A short biography of Mr West Pakistan
Mr Pakistan is desperately seeking a cure for the diseases that ravage his body after years of negligence.
Mr West Pakistan turns 64 on Sunday. The retiree has come a long way since his birth. Unfortunately, now deathly ill, Mr Pakistan is desperately seeking a cure for the diseases that ravage his body after years of negligence.
Born on a hot August day in 1947, little Pakistan came into the world with his twin brother East, and a completely dysfunctional family. Born prematurely amid severe complications, Mr Pakistan grew up an orphan. Abandoned by his mother, what little he knew of his father, was quickly erased by the abysmal faculty at school.
His other brother, Mr India, did remember their mother, Britannia. Mr India didn’t have fond memories of Britannia; she was a bad mother whose children all suffered several spankings on a good day, and had for many years been at odds with her oldest daughter, Lady Liberty, even though she lived just across a pond.
Liberty had fought tooth and nail to free herself from Britannia’s clutches; she had grown tired of her mother’s distant, one-sided relationship. India once tried to fight, but Britannia had learnt to punish her children more severely, and India accepted that patience, not violence, was his only way out.
Unfortunately for Britannia, when she and on-again-off-again friend Marianne, another bad mother, were suddenly given a taste of their own medicine by Arminius, India made it clear that help in stopping Arminius’s harassment would only come in return for freedom.
During this time, Pakistan had been conceived, although strangely, only the father and his close family believed this. Britannia, already fighting off Arminius’s advances on the beaches, the landing grounds, the fields the streets and the hills, never even realised she was expecting.
When Arminius was finally beaten, Britannia gave India her independence, but also abandoned the still weak Pakistan twins next to her.
The Pakistan twins were unusual in many of their mannerisms. They grew up speaking different languages, eating different food and strangely enough, looked nothing alike, even though both bore striking resemblances to the features and habits of their bigger brother. After a number of fights, Lady Liberty came by to help protect the young twins from their fear of a Siberian Bear attack from the north. Later, gaining new confidence, the twins got friendly with the Dragon to the north-east, and suddenly, after showing a dramatic improvement in attitude during their teens, the Pakistanis were seen as shining stars and models for, among others, the Korean twins.
Unfortunately, West had a dark secret: he would blackout for long stretches and lose his morality, and of course, there were daddy-issues. West wanted so much to remember his dad looking, sounding, and acting exactly like him, rather than Britannia and the others westerners he usually hung out with, that he painted a false portrait of him. Repeatedly looking at this false portrait may have made him delusional.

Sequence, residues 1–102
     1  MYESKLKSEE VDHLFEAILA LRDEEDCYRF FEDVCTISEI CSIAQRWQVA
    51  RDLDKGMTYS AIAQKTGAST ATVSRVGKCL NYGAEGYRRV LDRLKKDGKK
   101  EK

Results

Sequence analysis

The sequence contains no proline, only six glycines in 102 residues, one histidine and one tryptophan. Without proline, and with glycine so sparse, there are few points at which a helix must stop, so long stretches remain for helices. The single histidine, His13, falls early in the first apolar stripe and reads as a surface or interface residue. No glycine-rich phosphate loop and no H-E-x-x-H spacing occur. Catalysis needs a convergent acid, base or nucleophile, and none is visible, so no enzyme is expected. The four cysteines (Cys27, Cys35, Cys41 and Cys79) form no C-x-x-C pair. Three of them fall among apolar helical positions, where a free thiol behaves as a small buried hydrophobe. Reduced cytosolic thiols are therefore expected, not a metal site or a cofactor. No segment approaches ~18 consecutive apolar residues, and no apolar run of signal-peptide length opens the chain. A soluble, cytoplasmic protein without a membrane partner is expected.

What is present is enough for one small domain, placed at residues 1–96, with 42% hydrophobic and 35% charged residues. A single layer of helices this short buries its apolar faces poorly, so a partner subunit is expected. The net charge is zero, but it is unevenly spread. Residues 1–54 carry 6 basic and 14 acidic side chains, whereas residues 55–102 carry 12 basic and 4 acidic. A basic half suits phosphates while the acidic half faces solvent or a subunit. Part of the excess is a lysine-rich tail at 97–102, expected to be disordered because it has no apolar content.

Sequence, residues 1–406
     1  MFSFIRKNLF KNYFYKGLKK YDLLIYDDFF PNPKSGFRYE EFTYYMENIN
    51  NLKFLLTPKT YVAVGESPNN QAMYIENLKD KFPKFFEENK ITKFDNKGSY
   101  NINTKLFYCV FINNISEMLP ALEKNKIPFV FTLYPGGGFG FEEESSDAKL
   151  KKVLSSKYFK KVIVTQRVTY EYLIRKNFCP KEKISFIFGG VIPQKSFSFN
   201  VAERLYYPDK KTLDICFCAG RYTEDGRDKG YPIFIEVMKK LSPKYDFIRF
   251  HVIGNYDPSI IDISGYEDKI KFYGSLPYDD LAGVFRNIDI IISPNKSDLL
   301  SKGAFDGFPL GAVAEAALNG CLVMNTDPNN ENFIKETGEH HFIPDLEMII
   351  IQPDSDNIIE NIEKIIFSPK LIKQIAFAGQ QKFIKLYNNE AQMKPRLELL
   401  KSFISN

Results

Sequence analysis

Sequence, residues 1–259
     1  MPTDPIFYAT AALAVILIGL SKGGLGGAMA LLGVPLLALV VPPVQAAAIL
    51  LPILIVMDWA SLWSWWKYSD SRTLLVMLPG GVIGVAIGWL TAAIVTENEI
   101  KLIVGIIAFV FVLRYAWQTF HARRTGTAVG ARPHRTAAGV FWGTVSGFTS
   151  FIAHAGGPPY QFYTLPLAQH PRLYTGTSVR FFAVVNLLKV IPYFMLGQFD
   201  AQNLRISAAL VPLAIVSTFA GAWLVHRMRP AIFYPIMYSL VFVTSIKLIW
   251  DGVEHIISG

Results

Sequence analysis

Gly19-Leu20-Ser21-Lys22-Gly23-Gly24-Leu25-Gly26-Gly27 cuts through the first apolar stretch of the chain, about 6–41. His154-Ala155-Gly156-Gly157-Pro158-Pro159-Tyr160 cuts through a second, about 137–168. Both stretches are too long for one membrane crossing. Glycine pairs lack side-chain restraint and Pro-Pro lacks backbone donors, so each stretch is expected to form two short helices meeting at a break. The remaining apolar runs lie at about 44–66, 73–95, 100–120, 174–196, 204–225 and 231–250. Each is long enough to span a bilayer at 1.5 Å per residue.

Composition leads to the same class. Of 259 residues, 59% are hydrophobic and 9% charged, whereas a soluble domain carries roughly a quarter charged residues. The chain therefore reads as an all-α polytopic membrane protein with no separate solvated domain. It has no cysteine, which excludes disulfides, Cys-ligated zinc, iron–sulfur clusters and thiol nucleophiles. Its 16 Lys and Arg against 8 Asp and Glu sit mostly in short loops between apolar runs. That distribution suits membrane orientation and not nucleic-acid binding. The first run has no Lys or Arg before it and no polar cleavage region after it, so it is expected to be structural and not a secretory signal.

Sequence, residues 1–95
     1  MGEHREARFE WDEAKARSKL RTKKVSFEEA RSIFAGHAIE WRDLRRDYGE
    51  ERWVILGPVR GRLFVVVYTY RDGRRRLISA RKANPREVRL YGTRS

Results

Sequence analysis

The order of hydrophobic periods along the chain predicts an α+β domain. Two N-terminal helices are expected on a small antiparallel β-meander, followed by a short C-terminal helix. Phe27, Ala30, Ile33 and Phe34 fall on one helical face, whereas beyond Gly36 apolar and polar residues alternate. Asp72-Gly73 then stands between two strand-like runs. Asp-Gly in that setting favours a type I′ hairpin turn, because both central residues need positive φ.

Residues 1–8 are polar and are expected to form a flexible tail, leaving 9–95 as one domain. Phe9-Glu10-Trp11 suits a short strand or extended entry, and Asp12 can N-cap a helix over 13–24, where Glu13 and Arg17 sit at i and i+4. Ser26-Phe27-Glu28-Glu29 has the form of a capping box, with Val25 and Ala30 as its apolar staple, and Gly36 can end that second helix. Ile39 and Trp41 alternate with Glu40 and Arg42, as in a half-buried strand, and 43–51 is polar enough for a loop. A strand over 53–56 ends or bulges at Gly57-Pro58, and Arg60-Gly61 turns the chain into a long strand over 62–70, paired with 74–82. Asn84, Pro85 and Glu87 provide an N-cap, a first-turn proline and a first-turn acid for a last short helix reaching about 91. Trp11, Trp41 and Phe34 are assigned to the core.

Around the same time family politics came in; West had been robbing East for years, and when East asked for his money back, West began beating the life out of East. Surprisingly, Liberty, Dragon and Bear did not intervene, and India helped East gain freedom from West’s abuse.
By now, East was so sick of West that he changed his name; he just couldn’t stand being associated with his brother. West had become a pariah; his family hated him, and his obsessions had made him oblivious to the trouble he was in. One fine day, after watching India play with firecrackers, he became desperate to get his own. Since that day, he has been eating grass to maintain his love for things that go ‘pop’.
However, it was the voices in his head that really derailed him. Now in his 30s, unpopular with his neighbours, and going through a midlife crisis, the once healthy West had slowly been weakened by a growing cancer, and was by now rewriting his health records to make the cancer look like a good thing.
Strangely enough, the Extreme Cancer grew despite the father’s belief that India was the one that would succumb to it.
After a neighbour was attacked by Bear, it fell victim to an aggressive new strain of the cancer thanks to West, although it did take the help of Liberty and the Konservative Sandy Aristocracy.
West was in denial over its ability to control its own cancer. It claimed to be healthy, when the world knew it was sick. It was hurting itself and claiming it was having fun. When it blew up six firecrackers, it built beautiful sculptures of rocks-that-may-or-may-not-look-like-Chagai-but-who-cares-its-just-a-rock, even though it could barely feed itself.
It wasn’t until Liberty came to conduct an ultimately disastrous surgery to remove one of the carcinogens from the neighbourhood that Pakistan realised the extent of its illness, though a worrying amount of time was now being spent convincing himself the cancer was a good thing, and to let it spread.
Though the last decade has seen the cancer attacking the brain, there is still hope. New research has shown that a massive cocktail of tolerance, reason, and honesty can cure the disease, and efforts are ongoing to make West (now known as just Pakistan), take his medication.
It’s up to you to make sure he does.